HOUSEHOLDER: All Star drivers still winless during their visits to Williams Grove Speedway

  • All Star drivers are now 0 for 33 during races at Williams Grove Speedway.
  • Lance Dewease beat the All Stars Friday at the Grove, and did it again Saturday at Port Royal.
  • The All Star Circuit of Champions Series is owned by former NASCAR star Tony Stewart.

The All Stars are now 0 for 33 at Williams Grove Speedway.

During 33 races at the track near Mechanicsburg, drivers from the popular Circuit of Champions touring series, now owned by former NASCAR champion Tony Stewart, have never won a race.

Lance Dewease

Lance Dewease drove to the Grove victory on Friday night after starting in the 13th position. Dewease came back on Saturday to win another All Star race at Port Royal, which was his fifth All Star win in a row there.

The All Stars brought plenty of race cars, and some of them were true challengers for the win.

 Ageless veteran Jac Haudenschild set fast time at the Grove for the All Star race. Amazing as it may seem, Haudenschild, a member of the National Sprint Car Hall of Fame, couldn’t recall ever having won a fast time at the Grove before. Since he started coming around this area in the early 1980s, that’s quite a stretch.

Texan Aaron Reutzel gave Dewease a run for his money at the Port, leading until nine laps remained in the event.

DIRT-TRACK RACING: Dewease tops All Stars twice


Handicapping: As some folks may have noticed, Williams Grove and Lincoln have adjusted their handicapping procedures for the 410 sprint cars this season.

Locally, handicapping has undergone many changes over the years. At one time, all the cars that qualified in the heat races were handicapped for the feature, placing the highest point man in the 18th starting spot.

As the cars became more equal, that was adjusted to place the highest-point (actually now highest-earnings driver) 12th in the feature line-up.

Originally, heats were also handicapped, with the highest-point drivers at the back. A few years ago things were adjusted again, so that drivers drew for heat-race starting spots and then were handicapped for the feature.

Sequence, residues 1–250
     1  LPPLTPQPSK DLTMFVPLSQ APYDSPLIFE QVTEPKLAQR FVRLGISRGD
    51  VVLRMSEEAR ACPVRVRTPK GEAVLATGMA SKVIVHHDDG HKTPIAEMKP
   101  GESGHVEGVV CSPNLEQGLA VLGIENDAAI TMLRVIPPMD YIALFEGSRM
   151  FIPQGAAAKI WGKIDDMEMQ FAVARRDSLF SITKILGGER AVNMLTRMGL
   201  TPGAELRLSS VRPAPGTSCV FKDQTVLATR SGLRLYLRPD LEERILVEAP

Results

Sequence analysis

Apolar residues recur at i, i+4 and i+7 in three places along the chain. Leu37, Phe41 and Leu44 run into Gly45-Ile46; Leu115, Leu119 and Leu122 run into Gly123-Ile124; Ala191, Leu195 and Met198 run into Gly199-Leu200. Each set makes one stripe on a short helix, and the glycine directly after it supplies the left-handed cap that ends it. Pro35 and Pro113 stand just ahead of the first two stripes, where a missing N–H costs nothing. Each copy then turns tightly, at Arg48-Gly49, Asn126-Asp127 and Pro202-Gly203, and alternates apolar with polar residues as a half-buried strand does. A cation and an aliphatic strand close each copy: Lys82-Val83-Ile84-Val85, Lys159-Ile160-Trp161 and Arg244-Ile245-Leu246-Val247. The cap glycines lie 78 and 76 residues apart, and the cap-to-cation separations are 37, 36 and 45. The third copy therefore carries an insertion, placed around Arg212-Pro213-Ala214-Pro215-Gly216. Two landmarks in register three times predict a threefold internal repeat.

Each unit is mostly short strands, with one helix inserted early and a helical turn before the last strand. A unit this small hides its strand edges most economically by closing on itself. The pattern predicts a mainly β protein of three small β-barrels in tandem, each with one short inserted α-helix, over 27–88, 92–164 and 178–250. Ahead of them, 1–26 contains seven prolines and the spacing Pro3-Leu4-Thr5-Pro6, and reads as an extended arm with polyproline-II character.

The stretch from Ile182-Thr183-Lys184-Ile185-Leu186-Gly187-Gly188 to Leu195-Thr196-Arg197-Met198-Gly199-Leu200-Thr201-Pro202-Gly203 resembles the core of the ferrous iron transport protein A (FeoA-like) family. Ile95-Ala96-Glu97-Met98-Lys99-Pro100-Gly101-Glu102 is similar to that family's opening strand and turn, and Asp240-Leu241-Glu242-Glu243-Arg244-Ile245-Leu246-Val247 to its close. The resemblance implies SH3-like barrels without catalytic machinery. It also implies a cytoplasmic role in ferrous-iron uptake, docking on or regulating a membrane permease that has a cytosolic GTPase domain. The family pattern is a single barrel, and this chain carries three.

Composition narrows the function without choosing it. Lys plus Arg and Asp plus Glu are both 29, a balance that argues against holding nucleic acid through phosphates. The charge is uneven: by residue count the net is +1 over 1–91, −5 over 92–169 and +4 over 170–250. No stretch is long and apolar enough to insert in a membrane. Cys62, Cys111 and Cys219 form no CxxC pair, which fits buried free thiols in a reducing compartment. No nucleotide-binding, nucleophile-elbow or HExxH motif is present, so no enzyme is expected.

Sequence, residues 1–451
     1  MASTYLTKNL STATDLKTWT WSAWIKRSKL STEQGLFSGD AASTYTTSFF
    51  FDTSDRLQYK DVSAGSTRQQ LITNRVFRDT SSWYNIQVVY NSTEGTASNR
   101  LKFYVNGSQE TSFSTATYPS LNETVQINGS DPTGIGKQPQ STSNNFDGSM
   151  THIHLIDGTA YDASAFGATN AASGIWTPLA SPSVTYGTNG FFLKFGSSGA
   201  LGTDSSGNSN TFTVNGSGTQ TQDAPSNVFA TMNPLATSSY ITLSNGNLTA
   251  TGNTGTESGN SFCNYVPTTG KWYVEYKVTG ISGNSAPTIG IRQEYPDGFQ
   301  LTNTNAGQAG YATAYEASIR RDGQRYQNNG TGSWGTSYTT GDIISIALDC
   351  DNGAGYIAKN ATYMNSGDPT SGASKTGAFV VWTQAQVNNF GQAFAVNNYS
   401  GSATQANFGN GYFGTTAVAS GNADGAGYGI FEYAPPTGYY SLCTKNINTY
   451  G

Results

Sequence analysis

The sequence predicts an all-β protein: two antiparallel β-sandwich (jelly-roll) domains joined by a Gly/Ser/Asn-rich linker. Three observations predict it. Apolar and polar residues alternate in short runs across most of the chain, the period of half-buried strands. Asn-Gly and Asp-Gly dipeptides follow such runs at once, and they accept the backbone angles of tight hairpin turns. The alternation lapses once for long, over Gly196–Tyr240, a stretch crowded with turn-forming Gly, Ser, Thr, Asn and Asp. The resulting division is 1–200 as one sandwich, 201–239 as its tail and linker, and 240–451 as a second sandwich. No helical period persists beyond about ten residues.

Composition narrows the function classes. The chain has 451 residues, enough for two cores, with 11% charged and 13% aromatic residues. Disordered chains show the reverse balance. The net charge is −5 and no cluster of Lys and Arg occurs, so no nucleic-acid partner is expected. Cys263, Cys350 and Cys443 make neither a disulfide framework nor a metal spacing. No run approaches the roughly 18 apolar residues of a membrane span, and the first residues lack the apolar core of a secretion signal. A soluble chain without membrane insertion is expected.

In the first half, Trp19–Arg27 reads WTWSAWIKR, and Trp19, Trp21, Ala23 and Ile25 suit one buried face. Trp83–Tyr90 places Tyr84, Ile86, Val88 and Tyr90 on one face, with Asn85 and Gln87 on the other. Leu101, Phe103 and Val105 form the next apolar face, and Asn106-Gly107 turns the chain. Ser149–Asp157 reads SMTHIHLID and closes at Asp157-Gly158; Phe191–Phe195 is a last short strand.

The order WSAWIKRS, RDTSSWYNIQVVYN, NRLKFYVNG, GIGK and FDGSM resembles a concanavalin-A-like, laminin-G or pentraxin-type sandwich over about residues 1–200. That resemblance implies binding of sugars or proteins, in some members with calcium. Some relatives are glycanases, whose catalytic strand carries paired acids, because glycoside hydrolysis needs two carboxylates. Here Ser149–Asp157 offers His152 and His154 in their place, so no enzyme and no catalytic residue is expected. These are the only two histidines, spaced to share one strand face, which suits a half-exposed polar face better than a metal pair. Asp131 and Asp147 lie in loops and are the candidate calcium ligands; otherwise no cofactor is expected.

This year, the Grove and Lincoln have decided to try something different. Heat-race handicapping is back in force, but now drivers start the feature heads-up from their heat-race finish.

Heat races had become lackluster in recent years. Drivers knew as long as they made it to the front couple of positions they would start the same place in the feature anyway. Now each position gained in the heat races is a gain of several starting positions in the feature.

Until Saturday evening, this seemed to work well. Drivers raced harder in the heat races, and those who started in the back advanced somewhat, but still had to come pretty far forward in the features. In the first handicapped feature at Lincoln, one scribe counted positions advanced by the top-10 finishers and came up with a total of 50 positions gained by drivers in the top 10.

Saturday at Lincoln, however, something happened. The track's highest-earnings driver put on a driving clinic in his heat race. Brian Montieth came from the back of the field to win his heat. He earned a front-row starting spot, which led many fans to believe the feature would be lackluster.

The other drivers had other ideas. Dan Shetler, a well-known, low-budget racer from the western Pennsylvania circuit, who is nicknamed the “Underdog,” started alongside Montieth, and outraced him at the start. Shetler held the top spot for seven laps before giving in to another driver. However, that driver wasn’t Montieth, but instead seventh-starter Freddie Rahmer. Rahmer led the rest of the way, but Montieth did challenge at the end. Shetler later faded to 12th at the finish.

This weekend: Friday racing this weekend finds the sprints and 358 sprints at Williams Grove, while Trailway hosts the 358 sprints, 270cc micro sprints, street stocks and limited stocks.

At Lincoln on Saturday, the sprints, 358 sprints and limited-late models will compete, while at BAPS on Saturday, it’s the super sportsmen, USAC/ARDC midgets, street-stocks Legends and an Eastern Museum of Motor Racing exhibition.

Hagerstown will host the Lucas Oil late models for the Stanley Schetrompf Memorial 50-lap event. The pure stocks also race.

Port Royal has a two-race weekend. Saturday, it’s Open Wheel Madness with the sprint cars and the 305 sprints. The Lucas Oil late models venture to the Port on Sunday evening and will be joined by the limited-late models.

Selinsgrove takes Saturday off, but then presents the Ray Tilley Classic for the sprint cars on Sunday evening. The pro stocks and roadrunners join in the Sunday program.

1984: For only the second time during the 1984 season, it was a  full weekend of racing action on this weekend.

The weekend opened as usual, with Keith Kauffman driving Al Hamilton’s No. 77 to his ninth overall win that season at Williams Grove.

Things changed on Saturday when three drivers scored their first wins of the season. At Lincoln, Paul Lotier drove to the victory in his own No. 7 machine. Billy Stief raced to the Port Royal victory in his own No. 1s, while at Selinsgrove, a newcomer to the area drove his own No. 4J to the victory. That was Kenny Jacobs.

Bryan Householder writes about dirt-track racing for The York Dispatch. He can be reached at




(Wins in parenthesis)

1. Greg Hodnett            251

2. Brian Montieth (2)     230

3. Danny Dietrich (2)    213

4. Lucas Wolfe (1)        200

5. Lance Dewease (3)  185

6. Freddie Rahmer (1)  163

7. Cory Haas (1)           143

8. Anthony Macri          134

9. Chad Trout (1)          125

10. Alan Krimes            124